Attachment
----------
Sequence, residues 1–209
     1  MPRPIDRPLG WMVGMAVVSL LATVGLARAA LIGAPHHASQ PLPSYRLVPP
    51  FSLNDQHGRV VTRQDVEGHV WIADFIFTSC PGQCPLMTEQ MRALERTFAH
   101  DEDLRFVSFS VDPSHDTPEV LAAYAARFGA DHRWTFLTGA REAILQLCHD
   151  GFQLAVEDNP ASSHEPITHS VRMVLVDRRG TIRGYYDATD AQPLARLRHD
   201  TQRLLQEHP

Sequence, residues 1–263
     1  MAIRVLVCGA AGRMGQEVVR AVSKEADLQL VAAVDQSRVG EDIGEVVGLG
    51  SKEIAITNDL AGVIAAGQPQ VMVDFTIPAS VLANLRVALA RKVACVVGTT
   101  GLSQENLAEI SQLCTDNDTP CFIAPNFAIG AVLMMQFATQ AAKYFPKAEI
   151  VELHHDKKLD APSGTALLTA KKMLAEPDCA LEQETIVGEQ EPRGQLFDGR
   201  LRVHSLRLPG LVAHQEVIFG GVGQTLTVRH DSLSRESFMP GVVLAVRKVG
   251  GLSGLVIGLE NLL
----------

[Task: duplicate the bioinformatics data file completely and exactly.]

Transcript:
Sequence, residues 1–209
     1  MPRPIDRPLG WMVGMAVVSL LATVGLARAA LIGAPHHASQ PLPSYRLVPP
    51  FSLNDQHGRV VTRQDVEGHV WIADFIFTSC PGQCPLMTEQ MRALERTFAH
   101  DEDLRFVSFS VDPSHDTPEV LAAYAARFGA DHRWTFLTGA REAILQLCHD
   151  GFQLAVEDNP ASSHEPITHS VRMVLVDRRG TIRGYYDATD AQPLARLRHD
   201  TQRLLQEHP

Sequence, residues 1–263
     1  MAIRVLVCGA AGRMGQEVVR AVSKEADLQL VAAVDQSRVG EDIGEVVGLG
    51  SKEIAITNDL AGVIAAGQPQ VMVDFTIPAS VLANLRVALA RKVACVVGTT
   101  GLSQENLAEI SQLCTDNDTP CFIAPNFAIG AVLMMQFATQ AAKYFPKAEI
   151  VELHHDKKLD APSGTALLTA KKMLAEPDCA LEQETIVGEQ EPRGQLFDGR
   201  LRVHSLRLPG LVAHQEVIFG GVGQTLTVRH DSLSRESFMP GVVLAVRKVG
   251  GLSGLVIGLE NLL